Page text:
Katherine Kadish's most recent collection, Inside Out, Outside In, is currently on exhibit at the Dayton Visual Arts Center.
Photo: Contributed
Photo: Contributed

Daytonian of the Week: Katherine Kadish

Dayton-area artist Katherine Kadish is a Pittsburgh transplant who, at one time, never envisioned leaving her Upstate New York home to live in Ohio, let alone enjoying it. 

But that all changed after moving to Yellow Springs in 1984 with her husband Robert Fogarty, longtime editor of The Antioch Review. Her latest collection, Inside Out, Outside In, is on exhibit now at the Dayton Visual Arts Center (118 N Jefferson St). 

"It's actually the conclusion of a series of ideas I've had and things I've collected -- parts of houses -- over a number of years," Kadish explained. "I've always been interested in the idea of gates, windows, doorways and the garden. What has always interested me most about gardens are the pathways into another garden. It's sort of like the thing you sense but don't know."

Kadish started her journey taking art classes as a young girl. Her growing ability earned her the privilege to further her studies at the prestigious art programs of both Carnegie Mellon and The University of Chicago. Kadish went on to become an educator in the subject.

Despite being diagnosed with Macular Degeneration in both eyes, the condition hasn't affected her work.

"It hit me at age 17. So I think I've had a long time to learn how to deal with it," Kadish said. 

Aside from DVAC, her work has recently been on display at The Ohio State University, and will soon be a part of the remodeled downtown Dayton Public Library branch. Kadish's work deals mostly in the abstract rather than finite details.

"I was never interested in the leaf on the tree. I was much more interested in the whole shape of the tree -- the light and dark -- and whatever it was next to," she added.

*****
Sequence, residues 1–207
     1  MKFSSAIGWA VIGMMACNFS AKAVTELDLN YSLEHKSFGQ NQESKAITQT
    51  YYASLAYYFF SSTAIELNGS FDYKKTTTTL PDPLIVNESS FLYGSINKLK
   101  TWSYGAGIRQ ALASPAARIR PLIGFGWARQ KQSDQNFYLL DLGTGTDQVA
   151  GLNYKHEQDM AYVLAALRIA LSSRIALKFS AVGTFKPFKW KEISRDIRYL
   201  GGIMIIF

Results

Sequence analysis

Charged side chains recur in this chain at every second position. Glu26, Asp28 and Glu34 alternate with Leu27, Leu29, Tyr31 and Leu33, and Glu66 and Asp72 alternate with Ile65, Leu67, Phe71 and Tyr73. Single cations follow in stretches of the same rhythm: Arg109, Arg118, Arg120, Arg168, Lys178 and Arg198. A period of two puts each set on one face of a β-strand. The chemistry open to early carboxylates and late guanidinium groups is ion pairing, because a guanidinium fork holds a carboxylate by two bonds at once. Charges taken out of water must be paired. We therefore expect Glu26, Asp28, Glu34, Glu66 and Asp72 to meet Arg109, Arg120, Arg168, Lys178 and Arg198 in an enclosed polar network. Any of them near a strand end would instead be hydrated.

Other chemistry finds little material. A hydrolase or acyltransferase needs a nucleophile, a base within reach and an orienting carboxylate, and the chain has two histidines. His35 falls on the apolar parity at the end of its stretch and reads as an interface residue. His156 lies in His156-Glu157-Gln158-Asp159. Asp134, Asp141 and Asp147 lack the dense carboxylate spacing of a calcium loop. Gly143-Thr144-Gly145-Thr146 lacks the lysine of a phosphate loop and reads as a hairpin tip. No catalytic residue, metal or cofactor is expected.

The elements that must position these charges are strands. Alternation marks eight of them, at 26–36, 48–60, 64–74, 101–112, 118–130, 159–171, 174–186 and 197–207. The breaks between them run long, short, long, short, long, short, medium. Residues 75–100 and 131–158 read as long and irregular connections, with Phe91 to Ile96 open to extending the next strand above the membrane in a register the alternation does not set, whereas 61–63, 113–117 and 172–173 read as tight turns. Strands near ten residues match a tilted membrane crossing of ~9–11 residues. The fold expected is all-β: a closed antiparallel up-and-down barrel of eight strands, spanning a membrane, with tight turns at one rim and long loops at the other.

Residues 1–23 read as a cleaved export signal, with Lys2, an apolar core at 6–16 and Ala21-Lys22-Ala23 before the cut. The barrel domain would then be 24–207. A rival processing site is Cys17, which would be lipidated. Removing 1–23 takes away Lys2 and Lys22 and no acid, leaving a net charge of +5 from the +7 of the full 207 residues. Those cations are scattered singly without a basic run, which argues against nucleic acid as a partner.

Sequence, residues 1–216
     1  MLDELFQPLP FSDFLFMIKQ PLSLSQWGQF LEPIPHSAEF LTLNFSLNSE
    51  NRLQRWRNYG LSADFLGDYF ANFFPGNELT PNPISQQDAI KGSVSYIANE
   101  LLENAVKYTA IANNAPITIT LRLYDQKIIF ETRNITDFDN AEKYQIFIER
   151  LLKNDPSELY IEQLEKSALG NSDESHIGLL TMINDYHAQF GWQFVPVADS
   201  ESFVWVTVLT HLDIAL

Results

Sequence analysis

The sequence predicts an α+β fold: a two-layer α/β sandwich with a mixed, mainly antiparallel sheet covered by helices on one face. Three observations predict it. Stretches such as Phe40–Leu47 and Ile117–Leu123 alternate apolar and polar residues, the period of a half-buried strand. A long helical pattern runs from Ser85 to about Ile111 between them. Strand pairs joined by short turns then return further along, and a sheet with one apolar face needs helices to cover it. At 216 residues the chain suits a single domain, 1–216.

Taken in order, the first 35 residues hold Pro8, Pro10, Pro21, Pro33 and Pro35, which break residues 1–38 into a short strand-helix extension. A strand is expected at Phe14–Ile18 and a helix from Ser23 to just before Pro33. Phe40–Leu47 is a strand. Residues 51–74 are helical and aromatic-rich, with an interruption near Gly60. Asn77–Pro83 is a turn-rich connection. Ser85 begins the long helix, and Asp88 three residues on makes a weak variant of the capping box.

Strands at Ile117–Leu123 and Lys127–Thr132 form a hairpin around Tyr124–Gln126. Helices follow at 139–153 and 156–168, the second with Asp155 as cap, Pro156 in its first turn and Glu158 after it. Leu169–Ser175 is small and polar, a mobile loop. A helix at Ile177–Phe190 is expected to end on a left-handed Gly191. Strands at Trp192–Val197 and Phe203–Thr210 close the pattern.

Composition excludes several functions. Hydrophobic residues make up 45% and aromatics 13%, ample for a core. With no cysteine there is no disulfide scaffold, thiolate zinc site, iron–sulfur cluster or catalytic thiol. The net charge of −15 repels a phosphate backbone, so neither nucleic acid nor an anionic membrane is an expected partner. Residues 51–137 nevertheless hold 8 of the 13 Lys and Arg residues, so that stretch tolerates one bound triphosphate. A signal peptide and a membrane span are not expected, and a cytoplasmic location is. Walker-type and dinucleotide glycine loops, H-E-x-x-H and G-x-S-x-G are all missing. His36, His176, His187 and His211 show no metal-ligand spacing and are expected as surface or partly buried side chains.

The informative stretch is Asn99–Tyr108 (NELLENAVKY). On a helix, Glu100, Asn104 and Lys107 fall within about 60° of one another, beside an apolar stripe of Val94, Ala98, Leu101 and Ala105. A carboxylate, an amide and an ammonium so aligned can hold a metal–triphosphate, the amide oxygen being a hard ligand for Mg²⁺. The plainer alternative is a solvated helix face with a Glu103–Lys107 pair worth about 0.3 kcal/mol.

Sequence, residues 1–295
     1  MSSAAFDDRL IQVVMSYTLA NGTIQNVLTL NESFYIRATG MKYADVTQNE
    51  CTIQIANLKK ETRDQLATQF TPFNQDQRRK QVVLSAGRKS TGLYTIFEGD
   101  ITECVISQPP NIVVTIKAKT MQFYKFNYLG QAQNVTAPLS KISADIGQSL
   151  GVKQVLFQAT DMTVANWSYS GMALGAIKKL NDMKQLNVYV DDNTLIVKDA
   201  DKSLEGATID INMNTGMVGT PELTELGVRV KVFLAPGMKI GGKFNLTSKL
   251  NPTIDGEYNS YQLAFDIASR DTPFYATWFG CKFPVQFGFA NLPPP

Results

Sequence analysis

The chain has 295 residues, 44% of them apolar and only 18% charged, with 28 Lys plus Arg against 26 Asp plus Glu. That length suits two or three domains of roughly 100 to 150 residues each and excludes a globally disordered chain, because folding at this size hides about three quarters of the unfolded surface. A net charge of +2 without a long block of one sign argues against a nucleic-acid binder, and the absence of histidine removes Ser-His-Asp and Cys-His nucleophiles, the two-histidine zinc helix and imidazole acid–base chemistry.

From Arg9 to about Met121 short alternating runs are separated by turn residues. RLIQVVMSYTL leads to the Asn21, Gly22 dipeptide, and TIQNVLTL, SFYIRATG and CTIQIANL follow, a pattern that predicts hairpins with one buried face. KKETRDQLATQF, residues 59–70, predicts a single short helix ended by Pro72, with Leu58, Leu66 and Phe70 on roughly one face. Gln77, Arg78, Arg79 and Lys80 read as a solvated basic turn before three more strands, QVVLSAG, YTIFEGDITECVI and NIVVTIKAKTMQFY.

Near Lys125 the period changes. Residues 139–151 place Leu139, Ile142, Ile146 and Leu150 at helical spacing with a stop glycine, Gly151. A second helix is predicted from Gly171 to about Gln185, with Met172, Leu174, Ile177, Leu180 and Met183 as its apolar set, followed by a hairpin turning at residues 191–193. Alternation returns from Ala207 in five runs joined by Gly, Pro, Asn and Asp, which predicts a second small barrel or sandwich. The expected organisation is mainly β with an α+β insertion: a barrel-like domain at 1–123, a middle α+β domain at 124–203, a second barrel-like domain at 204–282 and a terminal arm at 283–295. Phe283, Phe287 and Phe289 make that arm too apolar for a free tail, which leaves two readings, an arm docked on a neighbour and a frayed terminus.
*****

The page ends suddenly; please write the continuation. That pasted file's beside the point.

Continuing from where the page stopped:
Katherine Kadish’s “Arched Window” oil and mixed media. currently at the Dayton Visual Arts Center. CONTRIBUTED PHOTO BY PAMELA DILLON
Photo: Contributing Writer

What do you do?

"Hang out," Kadish said laughing. "I often say I'm a painter, but not a house painter, and a print maker. I've always thought of myself as a painter who works in print, rather than a print maker who sometimes paints."

What superpower would you love to have?

"I just want to be an excellent artist. That's what I really want."

What do you love about life in Dayton?  

"I think Dayton, like Pittsburgh and Cleveland, is kind of self-effacing -- not putting on airs. It's taken time -- because I was very much settled in in Upstate New York -- but I feel like I have some really good friends and that matters a lot to me. There's some very good artists around."

What's your favorite spot in Dayton?

"I can't say there's a favorite, but the Dayton Visual Arts Center is really a remarkable institution. I don't know of any other city that has something so useful and interesting to artists. I also like the Dayton Art Institute. It's only recently that I went to Carillon Park (for the first time), and I find that terrific. I didn't know it was as good as it is. 

"I like Woodland Cemetery. It's a beautiful cemetery. It seemed to me at first that there was very little attention paid to the Great Miami River -- and thank god they've been working on the RiverScape project. I think it's really lovely. When I was commissioned to do some work for the new library, what I decided to focus on was the river because it's so important to remind people that it is there. 

"Another place I should mention is the Schuster Center, and thank god Dr. (Benjamin) Schuster and his wife built it. That's fantastic to have such a wonderful venue for concerts and performances of all kinds. It's beautiful by any city's standards. We're really lucky."

Why did you decide to settle in Dayton?

"Well, my husband had taught at Antioch for a long time. It was easier for me to get some teaching work here than for him to get a full-time job somewhere else. Then, as we began to make friends, it just seemed like a comfortable place to be."

How did you get involved with your line of work? 

"My aunt was a public school teacher and she taught art among other things. She herself was a pretty good artist. She just never took it seriously as a profession. She encouraged me. She had art magazines around and she was a visual person. When I went to college, she gave me some money for supplies. I think, if it hadn't been for her, I don't know what would have happened."

If you could change or bring one thing to Dayton, what would it be? 

"I'd add more people to downtown. We need more moving bodies down there."